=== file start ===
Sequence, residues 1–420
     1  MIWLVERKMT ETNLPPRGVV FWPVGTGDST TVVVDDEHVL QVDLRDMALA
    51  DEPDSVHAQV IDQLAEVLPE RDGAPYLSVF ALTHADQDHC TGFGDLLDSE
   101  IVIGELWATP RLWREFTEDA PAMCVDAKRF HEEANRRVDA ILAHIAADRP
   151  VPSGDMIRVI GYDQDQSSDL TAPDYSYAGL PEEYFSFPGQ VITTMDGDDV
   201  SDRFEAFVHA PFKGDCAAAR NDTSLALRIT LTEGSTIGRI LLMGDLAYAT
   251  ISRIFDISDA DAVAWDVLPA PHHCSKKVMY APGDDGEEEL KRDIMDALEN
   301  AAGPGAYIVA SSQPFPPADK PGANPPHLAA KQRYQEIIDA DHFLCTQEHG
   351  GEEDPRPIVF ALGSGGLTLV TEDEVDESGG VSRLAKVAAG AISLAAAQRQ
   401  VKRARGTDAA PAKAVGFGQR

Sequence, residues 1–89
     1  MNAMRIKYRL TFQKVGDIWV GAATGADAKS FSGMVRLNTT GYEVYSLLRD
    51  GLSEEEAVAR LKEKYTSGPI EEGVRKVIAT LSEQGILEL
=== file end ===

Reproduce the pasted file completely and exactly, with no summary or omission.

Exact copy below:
Sequence, residues 1–420
     1  MIWLVERKMT ETNLPPRGVV FWPVGTGDST TVVVDDEHVL QVDLRDMALA
    51  DEPDSVHAQV IDQLAEVLPE RDGAPYLSVF ALTHADQDHC TGFGDLLDSE
   101  IVIGELWATP RLWREFTEDA PAMCVDAKRF HEEANRRVDA ILAHIAADRP
   151  VPSGDMIRVI GYDQDQSSDL TAPDYSYAGL PEEYFSFPGQ VITTMDGDDV
   201  SDRFEAFVHA PFKGDCAAAR NDTSLALRIT LTEGSTIGRI LLMGDLAYAT
   251  ISRIFDISDA DAVAWDVLPA PHHCSKKVMY APGDDGEEEL KRDIMDALEN
   301  AAGPGAYIVA SSQPFPPADK PGANPPHLAA KQRYQEIIDA DHFLCTQEHG
   351  GEEDPRPIVF ALGSGGLTLV TEDEVDESGG VSRLAKVAAG AISLAAAQRQ
   401  VKRARGTDAA PAKAVGFGQR

Sequence, residues 1–89
     1  MNAMRIKYRL TFQKVGDIWV GAATGADAKS FSGMVRLNTT GYEVYSLLRD
    51  GLSEEEAVAR LKEKYTSGPI EEGVRKVIAT LSEQGILEL